McBike: Using Customer Insights to Target Millennials

We should have known that back in 1962 when McDonald’s incorporated the Golden Arches into their logo, the arches signified more than just an “M” for McDonald’s. Though the arches’ were never intended to represent a literal entryway, billions of people around the world have passed under the arches to be served. For decades, McDonald’s has served customers in their cars at the drive-thru. For the coming decades, will McDonald’s serve customers on their bicycle at the “bike-thru?” Visualize this…cars passing under one arch for the drive-thru and bicyclists passing under the other arch for the bike-thru.

The appeal of McDonald’s decades ago is much different than today because of evolving customer behavior. To entreat the customer, the menu, perception, exterior and interior design, and other aspects of a McDonald’s restaurant have all changed over the years because the customer has changed over the years. McDonald’s continues to seek reasons, or customer insights, for emerging behavioral changes and tactics to adapt. Aptly, McDonald’s customer insights drive tactical changes to the customer experience – and they are doing it yet again. With research indicating Generation Y doing more driving on two wheels, McDonald’s is gearing up to appeal to contemporary, health-conscious millennials. Introducing the McBike, McDonald’s innovative bike-friendly takeout bag made to hang from handlebars. Select stores are making it easier for cyclists to fuel up mid-ride with a Big Mac and fries.

According to McDonald’s video advertisement, the McBike bag carries a burger, fries, and a drink, while allowing a cyclist to keep two hands on the handlebars. The bag, constructed out of cardboard, comes together on the side to conveniently form a hook, which then can be hung on bike handlebars. McBike bags have been released for testing in Copenhagen, Denmark and Medellin, Colombia. Amsterdam, Tokyo, and other international cities with a high percentage of bike commuters are on path to offer McBike bags soon, while for now, everyone else is stuck driving home with their doggie bags.

With McDonald’s long reputation of high caloric offerings, it is a little peculiar to see McDonald’s encouragement of a healthier lifestyle. Under pressure from a millennial generation, with over $1.3 trillion in buying power, to provide healthier meals, McDonald’s has undergone menu changes, beginning to feature food options lower in fat, salt, or sugar content than their traditional burger-and-fries staple. Even with the addition of salads, fruits, and vegetables to the menu, flat sales across the United States and European markets have persisted. New offerings, new marketing tactics, and  the McBike bag are all efforts to compete for the contemporary, health-conscious millennials that have been wooed by healthier fast-casual restaurant chains that have yet to become a loyal segment of the Golden Arches. Panera Bread and Chipotle are two examples of fast-casual restaurants with increasing sales from the millennial segment. Both offer core menu offerings, yet have numerous interchangeable options to customize sides, toppings, and beverages. Both have established a healthier lifestyle through ingredients and new menu options. McDonald’s has yet to establish a healthier reputation, so McDonald’s is taking their customer experience one step further with the McBike bag. The contemporary, health-conscious, millennials are not only taking diet more seriously but exercise too. This segment of customers is biking more: to work, for exercise and health, as well as for recreation. In fact, for the first time in decades, 92% of European Union countries, excluding Cyprus and Malta who did not report new car registrants, showed all-purpose bicycle sales trumping automobile sales. Additionally, as more millennials enter the workforce in the United States, traveling to work by bicycle has seen the largest percentage increase than that of any other commuting mode per the 2012 Census. The combination of added nutritious menu offerings and the ability to bike for a Big Mac delivers the much needed perception of a healthier lifestyle at McDonald’s.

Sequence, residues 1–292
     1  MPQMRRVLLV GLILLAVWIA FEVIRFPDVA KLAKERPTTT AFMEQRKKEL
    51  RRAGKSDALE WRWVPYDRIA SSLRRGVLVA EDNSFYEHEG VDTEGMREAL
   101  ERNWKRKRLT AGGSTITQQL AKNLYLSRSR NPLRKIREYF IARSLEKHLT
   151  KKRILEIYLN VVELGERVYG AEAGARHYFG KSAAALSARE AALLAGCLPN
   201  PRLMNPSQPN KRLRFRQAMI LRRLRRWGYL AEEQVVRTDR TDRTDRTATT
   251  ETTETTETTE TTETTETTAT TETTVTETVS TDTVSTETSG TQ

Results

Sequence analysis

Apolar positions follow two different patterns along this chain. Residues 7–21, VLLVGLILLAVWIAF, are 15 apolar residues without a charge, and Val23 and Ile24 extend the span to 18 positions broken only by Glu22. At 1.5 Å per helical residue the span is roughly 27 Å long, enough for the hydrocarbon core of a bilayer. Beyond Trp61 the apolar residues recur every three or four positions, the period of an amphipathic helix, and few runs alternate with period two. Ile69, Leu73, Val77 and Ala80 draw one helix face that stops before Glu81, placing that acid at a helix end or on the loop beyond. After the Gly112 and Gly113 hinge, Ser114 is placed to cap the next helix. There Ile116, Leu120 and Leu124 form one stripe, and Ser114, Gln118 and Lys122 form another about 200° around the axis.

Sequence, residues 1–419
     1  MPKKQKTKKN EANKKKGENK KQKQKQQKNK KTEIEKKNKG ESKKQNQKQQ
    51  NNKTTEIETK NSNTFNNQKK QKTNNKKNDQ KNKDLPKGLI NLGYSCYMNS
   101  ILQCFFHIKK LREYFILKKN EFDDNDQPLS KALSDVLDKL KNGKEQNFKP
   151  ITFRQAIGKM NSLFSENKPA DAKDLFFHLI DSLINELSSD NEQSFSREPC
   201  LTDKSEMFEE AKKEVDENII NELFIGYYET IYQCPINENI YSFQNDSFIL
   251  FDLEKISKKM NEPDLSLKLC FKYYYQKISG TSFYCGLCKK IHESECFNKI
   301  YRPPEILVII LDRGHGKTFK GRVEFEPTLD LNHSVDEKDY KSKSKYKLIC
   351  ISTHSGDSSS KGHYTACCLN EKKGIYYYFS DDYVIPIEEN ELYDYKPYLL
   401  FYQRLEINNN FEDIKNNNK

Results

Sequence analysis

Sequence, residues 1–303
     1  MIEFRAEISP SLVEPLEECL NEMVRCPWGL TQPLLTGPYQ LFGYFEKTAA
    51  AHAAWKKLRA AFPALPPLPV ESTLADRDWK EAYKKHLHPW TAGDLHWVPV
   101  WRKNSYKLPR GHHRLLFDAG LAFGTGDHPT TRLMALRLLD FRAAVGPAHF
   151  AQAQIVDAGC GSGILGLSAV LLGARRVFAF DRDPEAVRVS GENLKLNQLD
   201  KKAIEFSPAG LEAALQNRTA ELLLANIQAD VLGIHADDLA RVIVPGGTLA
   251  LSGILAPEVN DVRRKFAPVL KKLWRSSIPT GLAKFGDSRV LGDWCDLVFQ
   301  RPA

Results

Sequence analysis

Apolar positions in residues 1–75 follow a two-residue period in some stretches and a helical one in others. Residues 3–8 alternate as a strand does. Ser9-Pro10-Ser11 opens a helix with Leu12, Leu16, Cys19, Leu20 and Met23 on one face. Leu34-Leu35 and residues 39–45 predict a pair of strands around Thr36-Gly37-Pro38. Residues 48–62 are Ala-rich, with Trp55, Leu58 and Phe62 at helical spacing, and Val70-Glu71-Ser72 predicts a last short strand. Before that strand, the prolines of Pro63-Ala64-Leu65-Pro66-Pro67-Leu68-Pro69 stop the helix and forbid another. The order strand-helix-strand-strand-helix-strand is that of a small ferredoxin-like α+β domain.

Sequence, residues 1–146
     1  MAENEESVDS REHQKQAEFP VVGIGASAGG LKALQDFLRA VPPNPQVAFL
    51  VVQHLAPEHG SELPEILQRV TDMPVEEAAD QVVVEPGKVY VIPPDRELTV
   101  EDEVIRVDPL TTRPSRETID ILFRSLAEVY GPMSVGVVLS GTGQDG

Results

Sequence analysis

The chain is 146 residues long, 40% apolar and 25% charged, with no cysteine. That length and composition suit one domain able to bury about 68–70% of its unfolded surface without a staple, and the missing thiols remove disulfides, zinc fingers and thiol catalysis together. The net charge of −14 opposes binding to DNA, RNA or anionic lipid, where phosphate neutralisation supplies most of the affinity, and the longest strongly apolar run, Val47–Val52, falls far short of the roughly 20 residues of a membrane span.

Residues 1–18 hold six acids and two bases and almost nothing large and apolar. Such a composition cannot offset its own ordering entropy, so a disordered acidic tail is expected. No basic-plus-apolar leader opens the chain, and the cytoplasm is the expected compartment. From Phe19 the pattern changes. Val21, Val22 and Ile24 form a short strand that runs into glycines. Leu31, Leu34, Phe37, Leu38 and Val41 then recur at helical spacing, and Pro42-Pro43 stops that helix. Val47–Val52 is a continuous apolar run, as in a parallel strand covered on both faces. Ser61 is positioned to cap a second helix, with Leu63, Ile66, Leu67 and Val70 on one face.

The key insight is millennials, cycling enthusiasts, and political leaders have generated synergy that will keep pushing the pedal forward with cycling popularity. McDonald’s is responding to the psychographic shifts of their target customer segment with their golden idea of the McBike bag. The more nutritious menu offerings and the McBike bag align with the story McDonald’s is now reading aloud…encouragement of a healthier lifestyle.

It is imperative that brands move closer to their customers, digging deep in consumer behavior to extract a core consumer insight, implement a correlating tactic, and finally integrate the insight and tactic into the brand’s story.

Maturity, adventure, and freedom no longer come in the form of four wheels and an open road. Millennials’ freedom stems from smartphones, the Internet, and traveling distances on two wheels or two feet through urban areas. McDonald’s hopes maturity, adventure, and freedom are experienced via two wheels, “biking-thru” their Golden Arches with the McBike bag.

The McBike bag, debuting in Denmark, carries a burger, fries, and drink.

The McBike bag, debuting in Denmark, carries a burger, fries, and drink.

3 Comments

  • Annette July 15, 2015 7:42 am

    Great article, well written….wondering why the McBike doesn’t hold a salad? 🙂 Now that I would consider trying.

  • Karen Ansevin July 15, 2015 12:17 pm

    That was a very interesting and informative article. It’s good to see that McDonald’s is on the right track when it comes to accommodating a more health conscious population.

  • Deanne Pike July 15, 2015 4:48 pm

    The article was very informative and extremely well written. The writer certainly did his homework before writing.

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